1. Go to GCP in the left menu select BigQuery. In BigQuery’s left menu select Dataform.

    BigQuery menu

  2. It redirects you to the Dataform API page. Enable the API.

    Enable Dataform API

  3. It redirects you back to the Dataform page. Click Create repository button, at the next step set the repository name and location. Note: As the GA4 sample dataset is located in the USA, you have to select us-region1 if you are going to follow this tutorial. Thanks, Eliès Gaillard for this comment

    Create repository
  4. After the repository is created, you will see a message with the service account email for example: service-XXXXXXX@gcp-sa-dataform.iam.gserviceaccount.com. Copy this name and go to IAM & admin / IAM page. Enable checkbox Include Google-provided role grants and click pencil (edit) button in front of the Dataform service account (email from the previuos step). Click Add another role. In search query start typing bigquery and select BigQuery User and select this role. Add one more role that we will need later when connecting Dataform to GitHub. Click Add another role button, and select Secret Manager Secret Accessor. Don’t forget to save changes.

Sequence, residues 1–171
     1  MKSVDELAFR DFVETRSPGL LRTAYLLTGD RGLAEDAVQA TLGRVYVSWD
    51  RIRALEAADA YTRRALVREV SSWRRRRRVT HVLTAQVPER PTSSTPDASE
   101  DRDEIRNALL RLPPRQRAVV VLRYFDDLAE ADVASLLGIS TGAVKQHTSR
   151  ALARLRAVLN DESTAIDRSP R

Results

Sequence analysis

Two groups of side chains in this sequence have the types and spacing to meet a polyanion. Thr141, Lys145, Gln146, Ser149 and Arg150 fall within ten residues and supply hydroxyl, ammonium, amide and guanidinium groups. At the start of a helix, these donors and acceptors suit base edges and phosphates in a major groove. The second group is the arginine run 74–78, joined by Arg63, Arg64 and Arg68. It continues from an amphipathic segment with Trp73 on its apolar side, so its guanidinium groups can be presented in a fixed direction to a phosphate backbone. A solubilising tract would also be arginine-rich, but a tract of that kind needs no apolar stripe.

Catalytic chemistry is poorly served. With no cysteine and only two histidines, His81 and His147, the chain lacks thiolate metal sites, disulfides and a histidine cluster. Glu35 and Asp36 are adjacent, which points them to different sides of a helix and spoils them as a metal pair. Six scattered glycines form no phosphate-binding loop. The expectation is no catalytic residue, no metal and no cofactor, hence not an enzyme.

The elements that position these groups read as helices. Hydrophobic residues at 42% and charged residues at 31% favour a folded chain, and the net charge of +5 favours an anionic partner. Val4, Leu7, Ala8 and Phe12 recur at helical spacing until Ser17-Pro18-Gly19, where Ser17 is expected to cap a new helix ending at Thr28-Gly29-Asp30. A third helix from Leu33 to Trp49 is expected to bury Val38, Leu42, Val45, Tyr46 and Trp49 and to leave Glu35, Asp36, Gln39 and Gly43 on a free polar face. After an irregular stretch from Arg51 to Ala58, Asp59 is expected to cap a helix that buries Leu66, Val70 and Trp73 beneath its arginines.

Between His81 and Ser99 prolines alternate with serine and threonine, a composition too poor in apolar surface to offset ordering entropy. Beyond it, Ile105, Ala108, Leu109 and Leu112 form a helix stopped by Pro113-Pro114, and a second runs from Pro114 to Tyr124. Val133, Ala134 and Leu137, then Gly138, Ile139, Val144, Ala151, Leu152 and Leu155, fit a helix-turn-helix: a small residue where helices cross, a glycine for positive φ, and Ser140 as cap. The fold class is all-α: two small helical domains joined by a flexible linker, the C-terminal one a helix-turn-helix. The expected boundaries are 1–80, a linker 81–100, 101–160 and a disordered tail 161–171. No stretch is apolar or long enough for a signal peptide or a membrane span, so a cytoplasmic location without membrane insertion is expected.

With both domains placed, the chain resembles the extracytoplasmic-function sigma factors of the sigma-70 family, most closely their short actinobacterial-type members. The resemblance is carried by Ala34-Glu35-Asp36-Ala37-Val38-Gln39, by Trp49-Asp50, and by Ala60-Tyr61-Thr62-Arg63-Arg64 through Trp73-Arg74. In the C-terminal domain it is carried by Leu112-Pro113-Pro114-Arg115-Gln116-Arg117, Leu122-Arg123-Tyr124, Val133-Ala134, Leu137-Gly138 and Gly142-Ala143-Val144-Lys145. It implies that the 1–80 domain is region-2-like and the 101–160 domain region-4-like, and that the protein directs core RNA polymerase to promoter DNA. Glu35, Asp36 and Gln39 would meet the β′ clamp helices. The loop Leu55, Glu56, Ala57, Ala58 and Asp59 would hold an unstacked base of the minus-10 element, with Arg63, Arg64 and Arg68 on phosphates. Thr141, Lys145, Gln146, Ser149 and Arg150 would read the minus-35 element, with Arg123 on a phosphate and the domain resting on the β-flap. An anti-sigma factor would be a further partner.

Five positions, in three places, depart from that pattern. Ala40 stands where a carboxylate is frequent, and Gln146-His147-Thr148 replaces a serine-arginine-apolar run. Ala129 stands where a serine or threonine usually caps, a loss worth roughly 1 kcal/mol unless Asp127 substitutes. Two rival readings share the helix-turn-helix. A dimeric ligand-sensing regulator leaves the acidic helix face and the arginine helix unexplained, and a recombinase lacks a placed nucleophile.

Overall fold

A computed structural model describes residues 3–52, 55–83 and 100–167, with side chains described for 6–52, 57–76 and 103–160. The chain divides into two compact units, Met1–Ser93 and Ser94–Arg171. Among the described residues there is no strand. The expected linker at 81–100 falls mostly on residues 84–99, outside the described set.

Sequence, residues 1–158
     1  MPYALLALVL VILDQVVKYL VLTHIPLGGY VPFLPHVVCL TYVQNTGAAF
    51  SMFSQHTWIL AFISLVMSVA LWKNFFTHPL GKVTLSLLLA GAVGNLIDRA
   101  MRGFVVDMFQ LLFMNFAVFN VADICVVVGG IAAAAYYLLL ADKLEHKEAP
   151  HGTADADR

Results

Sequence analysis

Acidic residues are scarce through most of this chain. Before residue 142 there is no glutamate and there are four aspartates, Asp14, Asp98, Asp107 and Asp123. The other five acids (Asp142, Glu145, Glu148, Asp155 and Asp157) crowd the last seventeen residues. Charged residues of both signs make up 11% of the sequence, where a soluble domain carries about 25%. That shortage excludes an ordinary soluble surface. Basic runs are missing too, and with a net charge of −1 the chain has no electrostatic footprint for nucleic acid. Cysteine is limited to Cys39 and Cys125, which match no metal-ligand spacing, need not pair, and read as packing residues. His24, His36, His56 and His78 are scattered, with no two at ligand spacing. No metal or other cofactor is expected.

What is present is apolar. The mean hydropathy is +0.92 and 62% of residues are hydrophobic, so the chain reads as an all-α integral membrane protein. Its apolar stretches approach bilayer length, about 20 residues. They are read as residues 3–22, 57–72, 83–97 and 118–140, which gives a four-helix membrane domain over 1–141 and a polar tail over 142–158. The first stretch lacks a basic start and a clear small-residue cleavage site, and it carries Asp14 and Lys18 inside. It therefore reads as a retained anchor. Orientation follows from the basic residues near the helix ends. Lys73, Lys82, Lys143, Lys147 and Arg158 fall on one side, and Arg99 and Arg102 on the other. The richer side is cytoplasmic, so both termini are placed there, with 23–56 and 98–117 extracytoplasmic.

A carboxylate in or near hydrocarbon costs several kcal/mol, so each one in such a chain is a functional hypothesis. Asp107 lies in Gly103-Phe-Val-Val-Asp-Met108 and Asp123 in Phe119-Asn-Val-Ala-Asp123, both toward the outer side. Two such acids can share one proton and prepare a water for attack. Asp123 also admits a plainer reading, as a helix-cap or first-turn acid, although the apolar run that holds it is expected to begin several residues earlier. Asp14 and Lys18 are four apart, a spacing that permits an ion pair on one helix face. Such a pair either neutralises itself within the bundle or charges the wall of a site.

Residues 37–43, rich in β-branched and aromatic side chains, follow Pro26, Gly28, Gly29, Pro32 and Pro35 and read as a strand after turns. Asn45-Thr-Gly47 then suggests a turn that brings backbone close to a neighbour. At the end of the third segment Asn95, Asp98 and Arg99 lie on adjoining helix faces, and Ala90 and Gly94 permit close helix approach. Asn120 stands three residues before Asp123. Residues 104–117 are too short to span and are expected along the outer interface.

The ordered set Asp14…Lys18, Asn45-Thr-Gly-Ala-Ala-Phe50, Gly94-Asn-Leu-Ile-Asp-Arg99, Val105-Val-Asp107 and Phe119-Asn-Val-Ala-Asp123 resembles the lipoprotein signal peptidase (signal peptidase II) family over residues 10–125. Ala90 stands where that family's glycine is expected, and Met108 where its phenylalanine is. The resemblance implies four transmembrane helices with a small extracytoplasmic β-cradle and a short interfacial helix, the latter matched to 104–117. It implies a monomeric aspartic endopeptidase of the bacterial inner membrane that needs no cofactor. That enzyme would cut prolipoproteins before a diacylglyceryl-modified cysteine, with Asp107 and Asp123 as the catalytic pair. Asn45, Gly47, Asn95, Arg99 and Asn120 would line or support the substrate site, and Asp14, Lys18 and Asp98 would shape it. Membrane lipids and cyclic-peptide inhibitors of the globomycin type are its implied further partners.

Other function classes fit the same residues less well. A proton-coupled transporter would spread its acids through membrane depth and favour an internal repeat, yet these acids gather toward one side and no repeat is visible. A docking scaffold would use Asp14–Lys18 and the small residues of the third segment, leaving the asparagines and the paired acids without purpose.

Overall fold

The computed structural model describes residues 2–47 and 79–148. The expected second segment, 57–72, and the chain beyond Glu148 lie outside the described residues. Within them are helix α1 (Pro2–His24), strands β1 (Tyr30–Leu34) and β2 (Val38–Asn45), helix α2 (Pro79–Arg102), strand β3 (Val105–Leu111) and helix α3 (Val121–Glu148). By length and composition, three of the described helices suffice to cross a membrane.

Set Dataform roles

  5. Let’s setup integration with GitHub, steps for GitLab are practically the same. Open your GitHub account and create a new repository.

  6. In the upper-right corner click your profile photo, then click Settings. In the left menu click Developer Settings.

    GitHub Developer Settings

In the left sidebar, under Personal access tokens, click Fine-grained tokens. Set Token name, expiration date, and select the repository you just created. And grant these permissions:

  • Administration - Read and write
  • Commit statuses - Read-only
  • Contents - Read and write